<< | Bitwise left shift | a<<b |

```
x = 3
y = 9
# bitwise and operator
print(x & y)
# bitwise or operator
print(x | y)
# bitwise not operator
print(~ x)
# bitwise xor operator
print(x ^ y)
# bitwise right shift operator
print(x >> y)
# bitwise left shift operator
print(x << y)
```

Output:

```
1
11
-4
10
0
1536
```

You can try it on online python compiler.

**Assignment Operators**

Assignment operators are used in Python to assign values to variables.

Operator | Meaning | Syntax |

= | Assigns the value of the expression on RHS to left operand | a=b*c |

+= | Add the value of the expression on RHS to the left operand | a+=b |

-= | Subtract the value of the expression on RHS to the left operand | a-=b |

*= | Multiply the value of the expression on RHS with the left operand | a*=b |

/= | Divide value of the expression on RHS with the left operand | a/=b |

%= | Take the modulo of right operand with left operand and assign the result to the left operand | a%=b |

//= | Floor divide value of the expression on RHS with the left operand | a//=b |

**= | Take power value using operand and assign the result to left operand | a**=b |

&= | Take bitwise AND value using operand and assign the result to left operand | a&=b |

|= | Take bitwise OR value using operand and assign the result to left operand | a|=b |

^= | Take bitwise XOR value using operand and assign the result to left operand | a^=b |

>>= | Calculate right shift using operands and assign the result to left operand | a>>=b |

<<= | Calculate left shift using operands and assign the result to left operand | a<<=b |

```
x = 3
y = 9
x += y
print(x)
x = 3
y = 9
x *= y
print(x)
x = 3
y = 9
x |= y
print(x)
```

Output:

```
12
27
11
```

**Identity Operators**

Identity operators are a special type of operator present in Python. They are of two kinds: "is" and "it not". They check if two values are located on the same part of memory.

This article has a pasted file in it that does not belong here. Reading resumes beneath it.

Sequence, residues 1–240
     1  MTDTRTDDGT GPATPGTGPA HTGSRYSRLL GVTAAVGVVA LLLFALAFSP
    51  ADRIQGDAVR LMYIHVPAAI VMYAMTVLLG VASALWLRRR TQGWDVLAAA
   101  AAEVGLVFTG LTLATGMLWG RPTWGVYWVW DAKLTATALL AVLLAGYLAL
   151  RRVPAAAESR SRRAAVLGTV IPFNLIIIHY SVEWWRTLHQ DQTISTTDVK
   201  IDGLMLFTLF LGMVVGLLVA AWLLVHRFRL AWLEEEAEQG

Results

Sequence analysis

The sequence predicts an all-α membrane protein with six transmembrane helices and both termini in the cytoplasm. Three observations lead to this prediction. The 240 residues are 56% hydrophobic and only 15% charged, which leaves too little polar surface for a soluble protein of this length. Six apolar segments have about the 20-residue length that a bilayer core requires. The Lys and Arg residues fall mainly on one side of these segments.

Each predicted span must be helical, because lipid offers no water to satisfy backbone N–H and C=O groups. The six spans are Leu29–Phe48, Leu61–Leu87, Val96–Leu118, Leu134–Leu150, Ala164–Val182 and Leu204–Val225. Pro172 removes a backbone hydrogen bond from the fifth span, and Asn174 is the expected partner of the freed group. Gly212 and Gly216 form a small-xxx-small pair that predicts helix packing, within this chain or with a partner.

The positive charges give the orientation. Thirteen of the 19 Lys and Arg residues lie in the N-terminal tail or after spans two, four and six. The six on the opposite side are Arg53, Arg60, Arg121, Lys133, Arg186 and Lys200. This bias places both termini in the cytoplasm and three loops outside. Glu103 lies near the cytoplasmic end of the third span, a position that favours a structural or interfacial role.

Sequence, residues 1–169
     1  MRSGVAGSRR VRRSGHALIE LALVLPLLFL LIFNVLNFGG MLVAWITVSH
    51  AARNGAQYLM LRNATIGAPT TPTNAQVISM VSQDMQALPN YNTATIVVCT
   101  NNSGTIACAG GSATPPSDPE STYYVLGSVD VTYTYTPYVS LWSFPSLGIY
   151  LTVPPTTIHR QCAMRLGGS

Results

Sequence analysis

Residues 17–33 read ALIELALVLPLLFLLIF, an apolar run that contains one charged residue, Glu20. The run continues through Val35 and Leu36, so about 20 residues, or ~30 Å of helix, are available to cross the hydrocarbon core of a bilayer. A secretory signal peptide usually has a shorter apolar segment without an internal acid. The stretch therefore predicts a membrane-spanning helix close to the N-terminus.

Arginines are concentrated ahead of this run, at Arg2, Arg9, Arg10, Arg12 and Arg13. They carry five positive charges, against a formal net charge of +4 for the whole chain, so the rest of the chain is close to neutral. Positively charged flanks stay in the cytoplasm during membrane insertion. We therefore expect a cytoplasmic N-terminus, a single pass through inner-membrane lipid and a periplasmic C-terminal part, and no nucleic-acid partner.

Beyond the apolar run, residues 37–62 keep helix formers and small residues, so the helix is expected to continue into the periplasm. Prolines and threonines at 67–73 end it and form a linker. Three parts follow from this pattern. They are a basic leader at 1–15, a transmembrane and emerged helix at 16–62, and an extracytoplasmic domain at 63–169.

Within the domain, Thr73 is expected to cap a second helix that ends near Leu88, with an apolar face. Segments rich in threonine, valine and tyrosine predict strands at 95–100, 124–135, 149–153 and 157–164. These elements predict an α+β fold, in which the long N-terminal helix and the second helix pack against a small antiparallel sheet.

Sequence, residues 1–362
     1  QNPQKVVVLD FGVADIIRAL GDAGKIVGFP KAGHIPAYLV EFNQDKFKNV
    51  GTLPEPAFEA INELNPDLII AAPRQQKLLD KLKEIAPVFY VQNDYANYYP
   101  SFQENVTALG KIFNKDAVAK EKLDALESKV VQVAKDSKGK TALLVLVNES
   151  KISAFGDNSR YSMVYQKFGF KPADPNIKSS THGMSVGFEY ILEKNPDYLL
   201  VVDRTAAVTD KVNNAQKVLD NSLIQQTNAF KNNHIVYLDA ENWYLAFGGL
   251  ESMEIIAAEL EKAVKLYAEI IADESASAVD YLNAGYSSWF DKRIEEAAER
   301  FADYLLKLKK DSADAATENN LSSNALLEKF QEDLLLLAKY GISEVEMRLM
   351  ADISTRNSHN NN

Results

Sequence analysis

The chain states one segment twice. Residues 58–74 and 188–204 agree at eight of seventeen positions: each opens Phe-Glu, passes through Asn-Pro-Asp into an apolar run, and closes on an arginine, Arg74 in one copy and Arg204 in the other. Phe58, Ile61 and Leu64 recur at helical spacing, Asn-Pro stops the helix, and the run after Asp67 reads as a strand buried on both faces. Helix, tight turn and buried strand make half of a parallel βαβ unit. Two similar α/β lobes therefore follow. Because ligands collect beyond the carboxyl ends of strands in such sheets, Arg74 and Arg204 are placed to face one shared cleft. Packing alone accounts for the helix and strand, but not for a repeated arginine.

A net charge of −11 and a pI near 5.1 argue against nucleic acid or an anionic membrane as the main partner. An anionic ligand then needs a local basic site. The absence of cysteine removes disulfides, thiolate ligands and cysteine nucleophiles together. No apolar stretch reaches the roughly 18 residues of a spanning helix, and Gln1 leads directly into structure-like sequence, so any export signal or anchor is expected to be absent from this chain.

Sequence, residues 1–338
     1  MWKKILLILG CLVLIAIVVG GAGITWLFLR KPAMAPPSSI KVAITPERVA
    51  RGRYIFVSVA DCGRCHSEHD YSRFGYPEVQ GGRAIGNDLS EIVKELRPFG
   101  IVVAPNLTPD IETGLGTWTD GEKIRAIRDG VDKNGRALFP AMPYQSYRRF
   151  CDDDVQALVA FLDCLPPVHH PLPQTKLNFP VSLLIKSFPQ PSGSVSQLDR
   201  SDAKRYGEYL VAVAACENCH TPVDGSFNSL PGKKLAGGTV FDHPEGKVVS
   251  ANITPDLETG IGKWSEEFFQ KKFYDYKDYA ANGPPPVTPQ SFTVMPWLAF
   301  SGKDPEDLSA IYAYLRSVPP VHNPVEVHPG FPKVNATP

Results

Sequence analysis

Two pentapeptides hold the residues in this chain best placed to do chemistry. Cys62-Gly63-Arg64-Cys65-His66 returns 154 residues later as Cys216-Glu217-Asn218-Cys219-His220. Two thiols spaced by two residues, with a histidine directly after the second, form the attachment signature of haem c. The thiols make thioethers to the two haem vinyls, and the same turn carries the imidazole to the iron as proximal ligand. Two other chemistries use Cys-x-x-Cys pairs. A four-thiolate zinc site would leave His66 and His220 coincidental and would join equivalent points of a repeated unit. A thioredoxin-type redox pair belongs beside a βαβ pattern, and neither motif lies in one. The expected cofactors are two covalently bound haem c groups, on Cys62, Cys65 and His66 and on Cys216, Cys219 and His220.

Operator | Meaning |

is | Returns True if the operators are identical |

is not | Returns True if the operators are not identical |

```
x = 3
y = 9
print(x is y)
print(x is x)
print(x is not y)
print(x is not x)
```

Output:

```
False
True
True
False
```

Must Read __Python List Operations__

**Membership Operators**

Membership operators are a special type of operator present in Python. They are of two kinds: “in” and “not in”. They are used to check if a value is present in a sequence.

Operator | Meaning |

in | Will return True if the value is present in the sequence |

not in | Will return True if the value is not present in the sequence |

```
x = 3
y = [1,2,3,4]
print(x in y)
print(x not in y)
```

Output:

```
True
False
```

Also see, __Convert String to List Python__

**FAQs**

**What are special operators in Python?**

Python has two types of special operators:- identity operator and membership operator.

**When an expression contains two or more operators, then in what order are the operators evaluated?**

The order of evaluations of operators is based on precedence and associativity of operators. Operator precedence determines the priorities of the operators. If two or more operators with the same precedence are present, then the order is determined by associativity.

**How many types of operators are present in Python?**

There are seven types of operators present in Python: Arithmetic Operators, Comparison Operators, Logical Operators, Bitwise Operators, Assignment Operators, Identity Operator, and Membership Operator.

**Key Takeaways**

Congratulations on making it this far.

In this blog, we understood what different types of Python operators are.

To learn more about Micro Operations, refer to __Arithmetic Micro Operations____.__

Read about __Bitwise Operators in C__ here.

If you want to become proficient with Python programming, I suggest you take the __Coding Ninjas Python Course__, which will teach Python basics with Data Structures and Algorithms.